Sick of plastic, battery-powered toys that did nothing to spark creativity in her son, Jessica Hipp of Creedmoor started looking for alternatives. When she found few options, she decided to make her own toys out of felt. Her hobby has become a business – Jessica Hipp Designs – and her 16-month-old son is tester-in-chief. We asked her about the benefits of handmade toys and what she’s learned from motherhood.
Q. Tell us a little about yourself, and about your family.
A. My husband and I are both originally from central Pennsylvania. We followed different paths, but ended up together here in North Carolina 5 years ago. We have a 16-month-old son named Ruxin whose personality is a healthy balance of my husband and me. Just prior to becoming a stay-at-home mom, I worked as a behavior analyst for adults with brain injuries, but I spent most of my professional career working with children with autism and other developmental delays. My husband does IT work and is really into comic books, video games, and music. I think he already has plans for when our son is old enough for Legos.
Never miss a local story.
Q. When did you start Jessica Hipp Designs, and why?
A. I officially launched Jessica Hipp Designs in August, but started working on pieces in the spring. I was looking for toys that our son could play with that would promote creativity. I found that most of the toys for young children are made from plastic, and have lights, noise, and batteries that cause kids to simply stare at the toy and what it does instead of interacting. I made a few things for my son and posted them on my personal Facebook page. A friend of mine saw them and offered to make a few knit hats for Ruxin if I would make felt food for her daughter. After I made a few pieces I was hooked! It’s a great way to use my own creative energy during nap times and after bedtime.
Q. Do you think handmade toys offer something different than toys you buy in the store? What's different?
A. I definitely think there is a difference between the two. Handmade toys offer customers the knowledge of where their items came from, a chance to have unique items, and a different care and quality that you don’t get with something bought in the store. I think you get a better quality and consistency of a product when one person is taking time to do each step from start to finish, instead of a machine cranking things out, and someone simply looking over the finished item.
Q. Does your son get to test-drive your new creations? Have you learned from his feedback?
A. Our son is most certainly my tester! He loves to tear through the box of felt goodies, frequently trying to feed me (or our dog) a special treat. My friends also have plenty of children that I often recruit to be testers. It’s nice to have a few older kids in the mix to help me out. The older ones are able to let me know if an item actually looks “correct” and are able to tell me what other items they would like to have.
Q. What is your most popular item? Why is it so popular?
A. Our felt food seems to be the biggest hit. Toddlers seem to LOVE playing kitchen/chef, and having realistic looking food makes it that much more entertaining! Ruxin in particular is fond of the carrots.
Q. What's your favorite thing to do with the whole family in the Triangle?
A. We absolutely LOVE the Durham Life and Science Museum and visit at least once every week or two. There is plenty there to keep our little one busy and it’s entertaining for adults as well. When we first started going, Ruxin wasn’t old enough to enjoy parts of the museum, and yet we still somehow ended up staying for hours.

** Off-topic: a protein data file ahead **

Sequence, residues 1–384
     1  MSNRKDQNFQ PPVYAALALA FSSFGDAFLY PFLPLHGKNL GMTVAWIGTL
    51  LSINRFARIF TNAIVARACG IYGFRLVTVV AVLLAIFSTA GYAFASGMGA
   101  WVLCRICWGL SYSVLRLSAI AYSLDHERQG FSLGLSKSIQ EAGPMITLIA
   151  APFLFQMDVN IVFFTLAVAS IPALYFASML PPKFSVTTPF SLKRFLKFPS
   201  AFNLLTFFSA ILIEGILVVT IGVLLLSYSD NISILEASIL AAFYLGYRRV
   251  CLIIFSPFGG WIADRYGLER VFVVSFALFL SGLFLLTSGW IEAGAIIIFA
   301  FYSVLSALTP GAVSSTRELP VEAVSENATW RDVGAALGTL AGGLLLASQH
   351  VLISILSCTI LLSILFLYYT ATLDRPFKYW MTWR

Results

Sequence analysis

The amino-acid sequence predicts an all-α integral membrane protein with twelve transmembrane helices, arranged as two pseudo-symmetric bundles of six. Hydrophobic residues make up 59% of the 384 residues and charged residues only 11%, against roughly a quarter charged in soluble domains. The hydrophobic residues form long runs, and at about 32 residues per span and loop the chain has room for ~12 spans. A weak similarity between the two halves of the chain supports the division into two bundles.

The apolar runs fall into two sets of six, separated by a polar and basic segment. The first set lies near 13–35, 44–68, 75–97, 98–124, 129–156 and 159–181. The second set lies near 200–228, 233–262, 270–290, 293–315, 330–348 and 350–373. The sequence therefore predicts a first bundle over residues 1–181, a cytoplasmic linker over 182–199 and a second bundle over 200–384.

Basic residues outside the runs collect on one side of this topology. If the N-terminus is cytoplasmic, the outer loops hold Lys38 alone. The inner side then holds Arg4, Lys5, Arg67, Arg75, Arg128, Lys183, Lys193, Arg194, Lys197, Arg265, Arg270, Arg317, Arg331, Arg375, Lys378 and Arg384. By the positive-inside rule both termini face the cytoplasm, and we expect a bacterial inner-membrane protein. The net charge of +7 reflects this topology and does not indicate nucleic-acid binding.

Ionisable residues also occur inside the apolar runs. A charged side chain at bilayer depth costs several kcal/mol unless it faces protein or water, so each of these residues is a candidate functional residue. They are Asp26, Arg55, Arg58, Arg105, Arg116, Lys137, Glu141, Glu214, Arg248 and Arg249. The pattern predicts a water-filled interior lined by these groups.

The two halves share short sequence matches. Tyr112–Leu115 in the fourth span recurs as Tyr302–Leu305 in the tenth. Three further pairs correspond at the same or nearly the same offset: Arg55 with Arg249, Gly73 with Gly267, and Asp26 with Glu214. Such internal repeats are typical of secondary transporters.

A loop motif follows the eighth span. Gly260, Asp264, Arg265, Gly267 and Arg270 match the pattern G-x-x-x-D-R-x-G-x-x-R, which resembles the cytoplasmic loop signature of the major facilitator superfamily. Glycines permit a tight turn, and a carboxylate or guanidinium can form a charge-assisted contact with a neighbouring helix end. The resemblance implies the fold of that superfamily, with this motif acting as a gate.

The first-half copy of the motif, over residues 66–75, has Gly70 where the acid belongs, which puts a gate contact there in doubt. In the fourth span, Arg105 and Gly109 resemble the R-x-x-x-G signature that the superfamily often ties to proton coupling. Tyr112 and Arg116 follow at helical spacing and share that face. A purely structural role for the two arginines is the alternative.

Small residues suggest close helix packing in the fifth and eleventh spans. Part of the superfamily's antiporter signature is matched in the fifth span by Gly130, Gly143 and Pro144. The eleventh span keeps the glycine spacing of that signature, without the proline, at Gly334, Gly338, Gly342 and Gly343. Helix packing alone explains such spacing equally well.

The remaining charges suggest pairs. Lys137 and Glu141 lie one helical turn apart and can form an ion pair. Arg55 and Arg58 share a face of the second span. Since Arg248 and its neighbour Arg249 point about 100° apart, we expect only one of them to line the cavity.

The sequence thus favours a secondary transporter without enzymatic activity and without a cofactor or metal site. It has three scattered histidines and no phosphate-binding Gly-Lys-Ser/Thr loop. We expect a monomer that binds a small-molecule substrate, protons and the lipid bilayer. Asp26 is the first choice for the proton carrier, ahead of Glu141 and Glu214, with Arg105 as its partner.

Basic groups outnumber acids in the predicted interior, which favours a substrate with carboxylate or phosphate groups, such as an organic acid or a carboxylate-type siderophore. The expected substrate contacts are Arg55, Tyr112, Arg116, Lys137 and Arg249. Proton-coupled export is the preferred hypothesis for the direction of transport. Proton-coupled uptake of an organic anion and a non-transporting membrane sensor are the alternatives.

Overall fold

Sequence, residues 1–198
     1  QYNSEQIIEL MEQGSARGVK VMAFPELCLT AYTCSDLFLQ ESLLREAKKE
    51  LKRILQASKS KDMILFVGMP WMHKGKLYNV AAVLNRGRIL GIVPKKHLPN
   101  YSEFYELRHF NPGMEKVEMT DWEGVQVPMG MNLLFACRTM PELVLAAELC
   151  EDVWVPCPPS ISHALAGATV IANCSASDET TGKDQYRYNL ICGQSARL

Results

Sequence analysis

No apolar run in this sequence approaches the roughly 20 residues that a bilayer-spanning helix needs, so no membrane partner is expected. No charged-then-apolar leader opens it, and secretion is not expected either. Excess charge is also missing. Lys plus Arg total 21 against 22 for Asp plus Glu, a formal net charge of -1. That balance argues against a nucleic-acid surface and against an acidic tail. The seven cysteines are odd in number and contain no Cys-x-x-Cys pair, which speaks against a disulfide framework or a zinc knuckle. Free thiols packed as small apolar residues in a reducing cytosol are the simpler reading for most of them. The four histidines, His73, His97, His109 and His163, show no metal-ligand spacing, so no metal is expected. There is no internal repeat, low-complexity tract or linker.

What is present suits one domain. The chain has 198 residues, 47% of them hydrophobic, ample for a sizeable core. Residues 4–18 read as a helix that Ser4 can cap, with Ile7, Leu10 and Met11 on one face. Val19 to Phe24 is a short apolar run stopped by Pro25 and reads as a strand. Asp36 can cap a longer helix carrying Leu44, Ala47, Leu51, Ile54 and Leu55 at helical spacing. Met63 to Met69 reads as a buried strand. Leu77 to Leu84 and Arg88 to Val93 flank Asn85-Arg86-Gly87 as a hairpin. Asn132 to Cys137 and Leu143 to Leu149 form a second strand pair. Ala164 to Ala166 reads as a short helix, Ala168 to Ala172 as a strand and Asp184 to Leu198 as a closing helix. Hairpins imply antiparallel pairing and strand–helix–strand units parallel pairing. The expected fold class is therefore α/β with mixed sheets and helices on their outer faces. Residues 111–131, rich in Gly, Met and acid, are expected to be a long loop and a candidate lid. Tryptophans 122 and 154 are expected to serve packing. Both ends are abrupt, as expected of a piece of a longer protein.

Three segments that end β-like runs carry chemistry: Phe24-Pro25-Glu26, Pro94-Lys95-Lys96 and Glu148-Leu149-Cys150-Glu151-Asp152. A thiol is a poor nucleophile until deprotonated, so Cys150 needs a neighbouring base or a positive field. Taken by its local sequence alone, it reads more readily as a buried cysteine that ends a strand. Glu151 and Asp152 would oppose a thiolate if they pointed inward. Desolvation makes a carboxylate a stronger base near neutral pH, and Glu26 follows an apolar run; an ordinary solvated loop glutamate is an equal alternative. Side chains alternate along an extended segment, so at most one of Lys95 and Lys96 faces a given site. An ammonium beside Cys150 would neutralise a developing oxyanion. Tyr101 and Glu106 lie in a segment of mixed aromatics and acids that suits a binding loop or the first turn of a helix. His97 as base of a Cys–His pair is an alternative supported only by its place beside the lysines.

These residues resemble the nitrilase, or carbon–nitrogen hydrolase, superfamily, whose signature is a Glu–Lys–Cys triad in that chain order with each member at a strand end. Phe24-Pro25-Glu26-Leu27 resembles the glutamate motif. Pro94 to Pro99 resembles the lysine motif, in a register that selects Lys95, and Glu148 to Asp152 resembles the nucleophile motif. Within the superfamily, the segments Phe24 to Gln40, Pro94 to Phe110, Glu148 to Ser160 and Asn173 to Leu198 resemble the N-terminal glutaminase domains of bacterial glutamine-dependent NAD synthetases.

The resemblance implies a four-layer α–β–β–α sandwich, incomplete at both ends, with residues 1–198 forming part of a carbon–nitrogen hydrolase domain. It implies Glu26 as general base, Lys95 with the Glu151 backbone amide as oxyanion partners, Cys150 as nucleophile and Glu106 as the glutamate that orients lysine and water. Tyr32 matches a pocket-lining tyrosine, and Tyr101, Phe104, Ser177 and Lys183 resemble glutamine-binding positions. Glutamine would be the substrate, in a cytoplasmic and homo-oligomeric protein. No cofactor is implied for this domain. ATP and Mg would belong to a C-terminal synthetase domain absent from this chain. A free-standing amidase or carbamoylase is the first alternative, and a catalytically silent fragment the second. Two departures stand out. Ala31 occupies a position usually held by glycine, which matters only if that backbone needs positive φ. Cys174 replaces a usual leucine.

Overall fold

Q. What's your favorite thing around here to do when you get a few hours to yourself?
A. I typically use my alone time to work on orders and new items!
Q. What's the best parenting trick you've picked up?
A. My son loves music (he takes after his Daddy). Playing music often helps us to avoid or get us out of a meltdown. Ruxin’s current favorite is “Little Talks” by Of Monsters and Men. Anytime this song comes on, he starts singing “hey!” within the first three seconds.
Q. What's the best advice someone has given you about being a mom?
A. I have two that kind of go together. 1) Being a mom is hard, find your “village,” and 2) don’t let other people make you feel bad about the parenting choices you make. There are a ton of different personalities and philosophies out there. If you let others judge your decisions and the way you do things, you’ll spend all your time second guessing yourself and your abilities. It’s important to find your village, a group that is there for you, unconditionally and without judgment, even if opinions differ. My two closest “mom friends” live in other states (Pennsylvania and Florida), so when I had Ruxin I felt totally alone in North Carolina. At around 6 weeks postpartum, it was suggested by an acquaintance (who has since turned into a wonderful friend), that I attend a Le Leche League meeting, it was here that I was able to find a majority of the members of my village. As a first-time mother, I had (and still have) no idea what I’m doing most of the time. It’s great to have a group of people in the same situation. I don’t think I would have made it to this far if it weren’t for them!
Q. What's your least favorite part and most favorite part of mommyhood?
A. Watching my son learn is definitely a favorite. Every day Ruxin is gaining a new skill, sometimes they are the weirdest skills (like walking backwards through the living room, into the kitchen and back to the dining room), but it’s amazing nonetheless! My least favorite part is definitely teething! It’s just too bad that little ones can’t just wake up one day, with a (pain-free) mouth full of teeth.
Know a cool mom in the Triangle we should profile for our next "Meet" Q&A? Or are you a mom with a story to tell? Send us an email at email@example.com (please put "Meet" in the subject line).